Guiding water does not have to be expensive, you can achieve perfect drainage by angling the grade to shed water towards areas that are less sensitive. An example of a sensitive area is an area with with freshly cut dirt that is soft and not compacted. This type of area is extremely sensitive to rainfall and running water.

The way I approach roads is to make sure I see the new road with rain on it to see where the water flows then use that information to make any course corrections.

Water is the biggest enemy of roads here, mostly this is because they are dirt and when the water really flows like during a heavy rain the water will cut grooves in the road or sometimes completely wash it away.

Next is the building site.

You may be creating the site to build your house on. Sometimes this is very straight forward, but other times you have to understand the topography to create the best spot. Years ago when I bought my first property I made 4 building sites acre a 10 acre piece. The best view as at the top of the property but the building site seemed really small.

Originally I wasn’t even considering it a building site, but I was told I was crazy and it would be great site. To make it work I just needed to go down a bit where the ridge flattened out that would allow me to expand the footprint of the site.

I was convinced and decided to do it.

I dug down from the original level about 20ft or 6 meters, and pushed the excess dirt onto a flat spot on the ridge below. It ended up working fine and I built my house there eventually, but since I had dropped level of the site by 20 ft, there was now a 20ft dirt wall at the back of the lot. This wall was created as I took the level of the site down farther and farther from the original height.

This caused me to have to build a retaining wall which of course has extra cost.

Over all the cost of the retaining wall was not a big deal for me, but it can be very frustrating if you didn’t budget for one and have to add the extra cost to your bottom line.

General rules of thumb are that you don’t want to use fill to expand a site. What this means is that you don’t want to push dirt onto a steep grade and just leave it because that is always the first to slide. When you are looking at lots with homesites already made make sure that the tractor operator didn’t fill in some of the site on steep grades. Without sufficient hold dirt will just slide down the steeper angle when it rains and you can lose a huge chunk of the site if you are not careful.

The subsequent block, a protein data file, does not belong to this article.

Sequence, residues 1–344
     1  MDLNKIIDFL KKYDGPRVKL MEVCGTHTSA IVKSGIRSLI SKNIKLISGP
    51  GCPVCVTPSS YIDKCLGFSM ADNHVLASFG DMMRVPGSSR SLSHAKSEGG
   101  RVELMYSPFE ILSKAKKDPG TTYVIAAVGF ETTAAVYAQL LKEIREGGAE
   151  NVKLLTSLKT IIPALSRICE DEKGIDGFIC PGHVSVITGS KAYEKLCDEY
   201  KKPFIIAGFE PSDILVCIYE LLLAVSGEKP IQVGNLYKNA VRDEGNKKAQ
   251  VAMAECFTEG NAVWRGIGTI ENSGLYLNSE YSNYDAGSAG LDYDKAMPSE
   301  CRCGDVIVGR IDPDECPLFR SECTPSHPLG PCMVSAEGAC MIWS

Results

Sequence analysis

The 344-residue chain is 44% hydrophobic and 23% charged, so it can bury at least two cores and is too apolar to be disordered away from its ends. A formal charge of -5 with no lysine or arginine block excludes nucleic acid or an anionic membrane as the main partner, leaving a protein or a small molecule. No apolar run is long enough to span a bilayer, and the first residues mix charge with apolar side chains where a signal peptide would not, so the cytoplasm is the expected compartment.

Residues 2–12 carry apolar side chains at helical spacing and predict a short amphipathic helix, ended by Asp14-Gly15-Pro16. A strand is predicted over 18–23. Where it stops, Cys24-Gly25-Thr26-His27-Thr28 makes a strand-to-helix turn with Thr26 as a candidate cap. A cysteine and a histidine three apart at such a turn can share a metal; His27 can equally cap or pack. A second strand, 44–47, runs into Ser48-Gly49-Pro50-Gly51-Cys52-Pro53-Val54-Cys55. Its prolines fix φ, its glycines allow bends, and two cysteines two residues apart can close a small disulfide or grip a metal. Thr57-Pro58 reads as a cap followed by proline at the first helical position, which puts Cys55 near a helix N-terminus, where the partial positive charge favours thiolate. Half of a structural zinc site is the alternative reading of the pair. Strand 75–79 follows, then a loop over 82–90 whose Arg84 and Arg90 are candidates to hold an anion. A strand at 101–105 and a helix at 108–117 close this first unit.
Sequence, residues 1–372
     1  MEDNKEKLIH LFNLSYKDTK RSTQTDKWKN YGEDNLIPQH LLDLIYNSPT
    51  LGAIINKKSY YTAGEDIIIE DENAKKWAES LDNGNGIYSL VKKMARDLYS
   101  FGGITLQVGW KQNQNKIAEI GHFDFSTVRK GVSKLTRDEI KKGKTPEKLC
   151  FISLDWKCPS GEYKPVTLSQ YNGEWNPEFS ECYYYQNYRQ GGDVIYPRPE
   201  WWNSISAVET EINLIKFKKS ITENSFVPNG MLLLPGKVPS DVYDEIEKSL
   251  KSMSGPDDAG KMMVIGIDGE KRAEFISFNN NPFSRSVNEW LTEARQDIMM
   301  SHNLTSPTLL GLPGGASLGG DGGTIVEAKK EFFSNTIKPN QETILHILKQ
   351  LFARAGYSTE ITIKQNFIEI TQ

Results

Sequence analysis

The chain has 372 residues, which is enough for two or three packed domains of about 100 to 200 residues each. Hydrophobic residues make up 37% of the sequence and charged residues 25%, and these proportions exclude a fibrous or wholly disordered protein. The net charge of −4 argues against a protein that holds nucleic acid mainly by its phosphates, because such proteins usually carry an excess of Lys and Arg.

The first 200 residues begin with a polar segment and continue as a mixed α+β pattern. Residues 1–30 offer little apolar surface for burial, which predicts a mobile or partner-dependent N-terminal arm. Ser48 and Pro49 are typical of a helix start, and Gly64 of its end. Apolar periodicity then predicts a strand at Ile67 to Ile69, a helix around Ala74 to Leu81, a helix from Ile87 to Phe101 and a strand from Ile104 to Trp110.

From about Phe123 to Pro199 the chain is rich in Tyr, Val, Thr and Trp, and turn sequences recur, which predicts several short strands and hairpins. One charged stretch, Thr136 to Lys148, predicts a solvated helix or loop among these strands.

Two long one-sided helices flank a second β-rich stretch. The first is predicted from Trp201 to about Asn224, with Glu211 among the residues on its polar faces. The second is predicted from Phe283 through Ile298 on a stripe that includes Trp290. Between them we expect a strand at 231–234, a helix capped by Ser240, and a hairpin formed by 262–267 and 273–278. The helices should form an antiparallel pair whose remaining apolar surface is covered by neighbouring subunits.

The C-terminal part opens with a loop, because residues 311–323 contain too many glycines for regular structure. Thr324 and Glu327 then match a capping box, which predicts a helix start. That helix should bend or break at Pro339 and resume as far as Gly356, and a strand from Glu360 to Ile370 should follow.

Erosion Control

Once you cut in your homesite or roughed in road, you have exposed dirt and this not good to leave exposed. You can lose everything in one rainy season if you don’t protect the work you did by planting, adding drainage, or compacting the soil.

You will need to implement an erosion control strategy. The cheapest way to do this is through planting and Vetiver is the best thing to plant if you can get it.

Vetiver is a clumping grass with a deep growing root system that holds dirt together through the toughest rains. Not only are the roots good at holding dirt the but grass part above the ground can be arranged to guide water to places you want the water to go, like a culvert. This preserves topsoil and prevents the dirt from getting carried away down the mountain.

If Vetiver is not available, plant corn as a first stage top soil holder and simultaneously plant other plants that grow slower grow but will hold soil. This works in two ways, the corn grows really quickly and holds the topsoil in place and gives the slower growing plants a chance to grow and take hold after the corn dies.

The other thing you can do seems underwhelming, but it works. You can dig small ditches with a shovel usually only a inch or so deep in areas where water is building up or cutting into the road. These little ditches give the water a place to run and with them you can guide water all over the place and most importantly you can make it go where you want it to go.